A few days ago, the American Museum of Natural History hosted more than 3,000 students and teachers from 47 New York City schools in all five boroughs as part of the Google Field Trip Day Program, a nationally sponsored initiative to provide out-of-classroom experiences for underserved students.
The morning began with brief remarks from Ben Fried, Google CIO, a graduate of NYC public schools, and Lisa Gugenheim, the Museum’s senior vice president of institutional advancement, strategic planning, and education in the Museum’s historic Grand Gallery, which features the Great Canoe.
"Google believes that it is vitally important to inspire the next generation of scientists, engineers and tech entrepreneurs by exposing them to the wonders of the natural world," said Ben Fried, Googles' Chief Information Officer and head of Google's New York office. "That’s why we are thrilled to partner with AMNH to bring over 3,000 students from across the city to the museum today as part of our Google Field Trip Days initiative."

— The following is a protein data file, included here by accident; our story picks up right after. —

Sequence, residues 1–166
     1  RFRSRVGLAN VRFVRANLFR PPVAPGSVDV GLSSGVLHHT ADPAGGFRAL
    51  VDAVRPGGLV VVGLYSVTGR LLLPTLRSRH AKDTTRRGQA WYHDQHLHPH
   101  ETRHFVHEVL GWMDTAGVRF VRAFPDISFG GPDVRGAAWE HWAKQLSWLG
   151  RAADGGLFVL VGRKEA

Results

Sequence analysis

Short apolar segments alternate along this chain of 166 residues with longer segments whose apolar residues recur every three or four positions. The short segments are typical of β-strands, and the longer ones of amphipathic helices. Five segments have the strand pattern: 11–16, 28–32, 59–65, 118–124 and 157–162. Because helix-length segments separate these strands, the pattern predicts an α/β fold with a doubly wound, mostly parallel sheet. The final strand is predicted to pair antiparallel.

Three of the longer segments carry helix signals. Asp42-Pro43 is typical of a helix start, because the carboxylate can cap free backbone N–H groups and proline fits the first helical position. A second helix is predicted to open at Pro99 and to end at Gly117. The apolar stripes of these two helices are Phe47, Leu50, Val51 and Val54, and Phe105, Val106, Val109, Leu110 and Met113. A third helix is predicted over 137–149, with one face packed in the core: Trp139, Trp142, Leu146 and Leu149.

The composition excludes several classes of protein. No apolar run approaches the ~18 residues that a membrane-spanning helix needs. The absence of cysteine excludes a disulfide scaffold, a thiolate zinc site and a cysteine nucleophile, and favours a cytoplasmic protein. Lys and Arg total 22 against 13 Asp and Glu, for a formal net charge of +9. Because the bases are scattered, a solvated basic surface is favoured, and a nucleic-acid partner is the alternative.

The Museum is one of three NYC cultural institutions to participate in Google’s program and has long been a leader in the public understanding of science through exhibitions, programs, and educational initiatives.
“We’re excited to work with Google in furthering the Museum’s commitment to science education, and in driving student’s passion for science,” said Lisa Gugenheim, AMNH’s senior vice president of institutional advancement, strategic planning, and education. “We know that among the hundreds of thousands of young people who visit every year are those who will one day shape the future of our world -- from scientific research and discovery, to the conservation of the planet and the creation of new technologies.”
Participating in hands-on educational activities in subjects ranging from paleontology to anthropology, the young students spent a special day exploring the wonders of the natural world and universe.
As the need for science literacy and science, technology, engineering, and math (STEM) education has grown more over the past two decades, AMNH’s educational programs have been dramatically expanded to leverage its unique scientific and educational resources and to advance new forms of science teaching and learning.
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